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Aaron Chapman

9 December 2014 | Email This Post Email This Post | Print This Post Print This Post

The historian and author Aaron Chapman discusses his latest book, Live at the Commodore: The Story of Vancouver’s Historic Commodore Ballroom (Arsenal Pulp Press, 2014), the legendary music venue, and more, in studio with Joseph Planta.


Live at the Commodore: The Story of Vancouver’s Historic Commodore Ballroom by Aaron Chapman (2014).

Click to buy this book from Amazon.ca: Live at the Commodore


Text of introduction by Joseph Planta:

I am Planta: On the Line, in Vancouver, at TheCommentary.ca.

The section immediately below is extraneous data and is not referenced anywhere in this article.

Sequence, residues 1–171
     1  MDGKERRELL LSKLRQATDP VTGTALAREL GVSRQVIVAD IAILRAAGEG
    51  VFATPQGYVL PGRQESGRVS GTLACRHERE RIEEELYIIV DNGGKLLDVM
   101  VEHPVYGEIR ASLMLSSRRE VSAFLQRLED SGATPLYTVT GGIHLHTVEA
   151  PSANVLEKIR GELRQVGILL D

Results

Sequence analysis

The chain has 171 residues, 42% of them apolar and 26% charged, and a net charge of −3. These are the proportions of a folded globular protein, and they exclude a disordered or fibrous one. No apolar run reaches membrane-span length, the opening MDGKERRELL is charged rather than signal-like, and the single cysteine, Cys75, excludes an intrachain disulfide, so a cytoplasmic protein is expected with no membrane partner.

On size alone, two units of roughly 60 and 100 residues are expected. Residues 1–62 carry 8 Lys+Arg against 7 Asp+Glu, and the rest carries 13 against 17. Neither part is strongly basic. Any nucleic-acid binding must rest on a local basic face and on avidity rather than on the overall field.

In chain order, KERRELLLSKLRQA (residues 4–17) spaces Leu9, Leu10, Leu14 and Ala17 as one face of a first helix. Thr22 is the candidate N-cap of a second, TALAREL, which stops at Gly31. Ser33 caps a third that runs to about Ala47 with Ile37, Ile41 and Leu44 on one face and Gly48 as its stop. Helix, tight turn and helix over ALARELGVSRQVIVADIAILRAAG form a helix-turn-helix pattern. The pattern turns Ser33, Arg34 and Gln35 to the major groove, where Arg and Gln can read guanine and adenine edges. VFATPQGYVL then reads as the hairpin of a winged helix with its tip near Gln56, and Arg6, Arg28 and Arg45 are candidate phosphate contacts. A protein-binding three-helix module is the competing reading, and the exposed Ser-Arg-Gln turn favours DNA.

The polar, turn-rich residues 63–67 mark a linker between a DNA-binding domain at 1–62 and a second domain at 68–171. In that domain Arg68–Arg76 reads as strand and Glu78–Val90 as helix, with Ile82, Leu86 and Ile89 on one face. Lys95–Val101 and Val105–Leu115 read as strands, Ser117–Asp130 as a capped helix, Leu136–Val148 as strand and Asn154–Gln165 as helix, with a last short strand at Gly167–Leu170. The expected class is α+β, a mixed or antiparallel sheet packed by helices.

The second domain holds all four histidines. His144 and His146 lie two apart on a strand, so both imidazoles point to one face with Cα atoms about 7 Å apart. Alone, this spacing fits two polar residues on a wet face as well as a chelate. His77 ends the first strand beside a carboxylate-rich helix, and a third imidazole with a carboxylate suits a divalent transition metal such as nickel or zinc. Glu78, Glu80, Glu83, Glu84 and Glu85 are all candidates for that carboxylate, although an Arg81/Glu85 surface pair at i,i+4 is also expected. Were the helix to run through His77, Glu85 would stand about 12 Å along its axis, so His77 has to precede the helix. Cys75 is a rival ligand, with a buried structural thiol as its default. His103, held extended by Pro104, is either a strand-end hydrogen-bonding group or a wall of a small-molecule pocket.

Aaron Chapman joins me again. He’s recently published a new book: Live at the Commodore: The Story of Vancouver’s Historic Commodore Ballroom. Like with the subject of his last book, Vancouver’s famed Penthouse nightclub, I’m probably the only one left in this town, born here, who hasn’t been to both of Mr. Chapman’s subjects. But his gift at writing history, is evoking the many eras of the nearly 85 year old venue, that you feel as though you’ve danced to big band music in the ‘30s, ‘40s, and ‘50s, or gotten up close to a musical act in the ‘70s and 80s, that you could read the time off their watch. The Fabulous Commodore Ballroom has had many incarnations, many notable acts play its stage, and many a Vancouverite has danced on their fabled bouncy wooden floor. Aaron Chapman takes us through the history of the historic music venue at 870 Granville Street, with such remarkable insight into the musical acts who’ve played there, as well as interviews with the people front and back of house, who’ve made the Commodore the place for music. From Rudy Vallee to Lady Gaga, and every conceivable vocalist or vocal group one could think of, a lot of folks have played the Commodore. We’re reminded in this book, of the influence of Drew Burns, on the cultural scene in Vancouver. He was the Commodore’s proprietor from the 1960s into the 1990s, and his recent death reminds us of his impact. In this book, we get a sense of what it was like through photographs from the archive, and many photos from some of Vancouver’s best concert photographers. We see terrific posters from concerts, and other ephemera from the venue’s storied history. But it’s Mr. Chapman’s buoyant, sharp and confident writing that keeps us engaged in this book. We get a sense of what Granville Street has been like over the last four score and five years; we essentially get a colourful view of Vancouver’s past through this robust cultural institution. The website for more is at www.aaronchapman.net. Aaron Chapman is a writer, historian, and musician. He was last on the program for Liquor, Lust and the Law, which was shortlisted for a BC Book Prize, and was a bestseller in British Columbia. He also appears in the Anvil Press collection, Vancouver Confidential. Live at the Commodore is already on the bestseller list as we speak here in early December. The reviews for this book have already been outstanding, especially that Tom Sandborn one that appeared in the Vancouver Sun in recent days. Please welcome back to the Planta: On the Line program, in studio as it were, Aaron Chapman; Mr. Chapman, good morning.

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